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ROBERTSON COUNTY CHAPTER Next meeting: to be announced. Robertson County RSVP line: 615-377-9651, ext. 313. SUMNER COUNTY CHAPTER The Sumner County Chapter meets on the fourth Tuesday of the month, 11:30 a.m. at the new Hendersonville Library. Next meeting: to be announced. Chapter RSVP Line: 615/377-9651, ext. 306 WILLIAMSON COUNTY CHAPTER Chapter President - BJ Hanson: 615/884-4935. The Williamson County Chapter meets on the third Tuesday of the month, 11:30 a.m. at the HBAMT offices. Next meeting: to be announced. Builders Free pending sponsorship. Price: $10 per person with RSVP ($20 w/o RSVP). Chapter RSVP Line: 615/377-9651, ext. 305 WILSON COUNTY CHAPTER The Wilson County Chapter meets on the second Thursday of the month, 11:30 a.m. at the Five Oaks Golf & Country Club in Lebanon. Next meeting: to be announced. Chapter RSVP Line: 615/377-9651, ext. 309 COUNCILS GREEN BUILDING COUNCIL Council President - Erin Richardson: 615/883-8526. The Green Building Council meets on the fourth Wednesday of the month, 11:00 a.m. Next meeting: to be announced. Price: free for Green Building Council members pending
sponsorship; $20 for non-members with RSVP ($25 w/o). Council RSVP Line: 615/377-9651, ext. 308 HBAMT REMODELERS COUNCIL Council President - Ricky Scott. The HBAMT Remodelers Council meets on the third Wednesday of the month, 11:00 a.m. at varying locations. Next meeting: Wednesday, June 17. Location: to be announced. Topic: to be announced. Price: free for RMC members with RSVP; $15 for non-members with RSVP ($20 w/o). Council RSVP Line: 615/377-9651, ext. 301 INFILL BUILDERS COUNCIL The Infill Builders meets on the third Thursday of the month, 11:30 a.m. at the HBAMT offices until further notice. Next meeting: Thursday, June 25. Topic: “Huber Engineered Lumber,” Council RSVP Line: 615/377-9651, ext. 311 MIDDLE TENN SALES & MARKETING COUNCIL Council President - Derenda Sircy. The SMC meets on the first Thursday of the month, 9:00 a.m. at the HBAMT offices. Next meeting: Thursday, June 4. Topic: “Housing Industry Update & Recap,” with representatives from Metrostudy. FREE with RSVP thanks to LP Building Products; non-SMC members $25 w/RSVP, $35 w/o RSVP Council RSVP Line: 615/377-9651, ext. 302.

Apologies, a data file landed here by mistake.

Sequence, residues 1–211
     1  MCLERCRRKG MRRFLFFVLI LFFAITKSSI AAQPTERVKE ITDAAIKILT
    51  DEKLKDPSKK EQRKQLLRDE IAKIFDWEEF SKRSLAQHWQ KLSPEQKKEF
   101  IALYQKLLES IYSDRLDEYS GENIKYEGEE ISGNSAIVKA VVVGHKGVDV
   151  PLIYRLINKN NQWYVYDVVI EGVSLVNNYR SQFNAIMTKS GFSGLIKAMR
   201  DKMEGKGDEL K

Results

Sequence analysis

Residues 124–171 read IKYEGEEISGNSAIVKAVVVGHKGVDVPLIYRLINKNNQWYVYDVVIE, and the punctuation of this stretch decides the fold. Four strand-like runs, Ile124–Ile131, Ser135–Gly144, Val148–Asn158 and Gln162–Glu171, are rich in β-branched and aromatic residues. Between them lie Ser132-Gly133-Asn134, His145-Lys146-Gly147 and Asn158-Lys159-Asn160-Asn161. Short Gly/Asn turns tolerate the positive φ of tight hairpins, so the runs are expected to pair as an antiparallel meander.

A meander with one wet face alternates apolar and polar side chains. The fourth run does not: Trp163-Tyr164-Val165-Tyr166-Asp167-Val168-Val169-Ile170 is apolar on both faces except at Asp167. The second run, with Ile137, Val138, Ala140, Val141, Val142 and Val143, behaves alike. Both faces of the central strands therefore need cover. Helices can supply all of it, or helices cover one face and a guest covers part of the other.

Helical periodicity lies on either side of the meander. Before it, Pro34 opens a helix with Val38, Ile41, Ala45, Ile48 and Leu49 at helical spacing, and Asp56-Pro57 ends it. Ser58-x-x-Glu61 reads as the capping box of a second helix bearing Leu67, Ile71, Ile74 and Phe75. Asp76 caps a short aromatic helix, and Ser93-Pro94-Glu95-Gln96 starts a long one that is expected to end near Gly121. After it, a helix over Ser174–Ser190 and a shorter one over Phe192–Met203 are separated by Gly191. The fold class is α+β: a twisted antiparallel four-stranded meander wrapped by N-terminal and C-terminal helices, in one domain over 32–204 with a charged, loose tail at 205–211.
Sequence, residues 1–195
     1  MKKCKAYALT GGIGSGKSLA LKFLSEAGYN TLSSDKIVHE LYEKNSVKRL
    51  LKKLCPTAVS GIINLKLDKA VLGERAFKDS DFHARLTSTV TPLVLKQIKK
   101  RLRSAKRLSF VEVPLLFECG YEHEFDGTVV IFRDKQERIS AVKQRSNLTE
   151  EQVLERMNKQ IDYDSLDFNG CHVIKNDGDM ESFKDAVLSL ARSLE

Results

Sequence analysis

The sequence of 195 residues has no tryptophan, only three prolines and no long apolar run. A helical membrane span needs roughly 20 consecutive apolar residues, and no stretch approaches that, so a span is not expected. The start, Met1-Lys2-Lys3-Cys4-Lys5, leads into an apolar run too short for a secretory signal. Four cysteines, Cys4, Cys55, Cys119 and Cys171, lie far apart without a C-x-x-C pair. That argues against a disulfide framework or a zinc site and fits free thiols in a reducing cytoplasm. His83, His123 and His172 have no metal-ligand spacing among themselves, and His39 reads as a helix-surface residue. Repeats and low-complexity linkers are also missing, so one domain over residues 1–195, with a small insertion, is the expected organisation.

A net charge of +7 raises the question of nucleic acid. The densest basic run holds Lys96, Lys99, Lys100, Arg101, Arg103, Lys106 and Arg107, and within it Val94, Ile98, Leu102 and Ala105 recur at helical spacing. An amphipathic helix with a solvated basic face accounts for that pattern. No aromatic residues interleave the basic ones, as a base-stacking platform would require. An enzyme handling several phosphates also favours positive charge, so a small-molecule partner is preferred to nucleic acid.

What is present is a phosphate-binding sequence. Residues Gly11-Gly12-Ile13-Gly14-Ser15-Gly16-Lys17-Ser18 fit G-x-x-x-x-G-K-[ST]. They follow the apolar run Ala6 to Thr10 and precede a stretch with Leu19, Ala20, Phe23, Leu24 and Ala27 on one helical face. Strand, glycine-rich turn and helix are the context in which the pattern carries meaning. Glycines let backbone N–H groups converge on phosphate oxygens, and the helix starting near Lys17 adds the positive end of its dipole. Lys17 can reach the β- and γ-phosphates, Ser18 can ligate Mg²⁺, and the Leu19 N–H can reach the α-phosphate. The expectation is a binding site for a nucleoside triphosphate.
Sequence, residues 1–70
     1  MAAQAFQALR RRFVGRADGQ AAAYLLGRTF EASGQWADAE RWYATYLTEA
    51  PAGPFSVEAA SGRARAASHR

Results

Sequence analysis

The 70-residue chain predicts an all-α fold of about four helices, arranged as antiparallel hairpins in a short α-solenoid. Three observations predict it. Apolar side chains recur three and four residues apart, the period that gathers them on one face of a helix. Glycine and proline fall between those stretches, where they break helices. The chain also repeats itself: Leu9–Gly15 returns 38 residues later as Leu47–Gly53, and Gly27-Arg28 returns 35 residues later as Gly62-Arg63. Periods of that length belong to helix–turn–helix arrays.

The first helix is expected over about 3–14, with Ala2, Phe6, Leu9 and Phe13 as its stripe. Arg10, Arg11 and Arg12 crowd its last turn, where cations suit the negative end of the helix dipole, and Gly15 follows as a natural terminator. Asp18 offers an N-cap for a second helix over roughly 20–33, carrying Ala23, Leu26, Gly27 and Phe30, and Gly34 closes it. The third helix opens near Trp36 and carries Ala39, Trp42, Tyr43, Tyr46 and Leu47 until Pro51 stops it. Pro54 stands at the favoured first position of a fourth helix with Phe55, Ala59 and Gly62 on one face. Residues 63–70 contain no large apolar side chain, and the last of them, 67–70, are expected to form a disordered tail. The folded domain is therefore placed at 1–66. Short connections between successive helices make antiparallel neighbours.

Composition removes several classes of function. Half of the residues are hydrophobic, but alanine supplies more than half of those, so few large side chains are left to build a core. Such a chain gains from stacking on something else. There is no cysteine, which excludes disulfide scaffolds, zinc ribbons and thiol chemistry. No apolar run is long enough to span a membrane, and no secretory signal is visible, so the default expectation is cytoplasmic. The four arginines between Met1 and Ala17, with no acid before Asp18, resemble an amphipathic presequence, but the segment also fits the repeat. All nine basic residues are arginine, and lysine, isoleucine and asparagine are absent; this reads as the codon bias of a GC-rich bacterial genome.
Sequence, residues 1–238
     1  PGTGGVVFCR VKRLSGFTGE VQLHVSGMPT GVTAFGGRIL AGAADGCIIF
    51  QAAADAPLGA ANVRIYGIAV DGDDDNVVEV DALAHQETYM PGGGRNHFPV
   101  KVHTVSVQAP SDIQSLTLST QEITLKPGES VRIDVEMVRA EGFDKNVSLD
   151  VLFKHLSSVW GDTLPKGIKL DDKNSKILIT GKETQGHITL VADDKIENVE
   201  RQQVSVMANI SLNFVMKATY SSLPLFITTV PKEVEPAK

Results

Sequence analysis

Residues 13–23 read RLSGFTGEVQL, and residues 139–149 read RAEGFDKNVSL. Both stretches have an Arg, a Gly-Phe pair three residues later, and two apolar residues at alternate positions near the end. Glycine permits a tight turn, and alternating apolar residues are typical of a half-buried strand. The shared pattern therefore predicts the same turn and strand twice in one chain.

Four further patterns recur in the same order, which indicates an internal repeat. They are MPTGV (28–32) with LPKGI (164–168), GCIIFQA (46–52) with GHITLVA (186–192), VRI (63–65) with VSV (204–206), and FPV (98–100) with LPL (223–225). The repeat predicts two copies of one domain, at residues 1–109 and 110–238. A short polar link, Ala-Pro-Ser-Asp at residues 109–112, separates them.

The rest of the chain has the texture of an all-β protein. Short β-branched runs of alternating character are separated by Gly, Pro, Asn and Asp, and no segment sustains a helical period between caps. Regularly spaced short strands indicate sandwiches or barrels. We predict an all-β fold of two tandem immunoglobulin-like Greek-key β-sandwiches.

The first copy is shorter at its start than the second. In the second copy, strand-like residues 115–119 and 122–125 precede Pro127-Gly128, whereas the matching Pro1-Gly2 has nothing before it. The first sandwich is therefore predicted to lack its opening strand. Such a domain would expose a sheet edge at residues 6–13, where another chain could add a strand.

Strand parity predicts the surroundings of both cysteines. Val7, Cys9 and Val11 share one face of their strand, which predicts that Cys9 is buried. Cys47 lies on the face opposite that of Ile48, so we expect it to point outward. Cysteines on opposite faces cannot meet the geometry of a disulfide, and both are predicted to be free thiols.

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The June, 2015 issue of The Nail, the official monthly publication of the Home Builders Association of Middle Tennessee (HBAMT).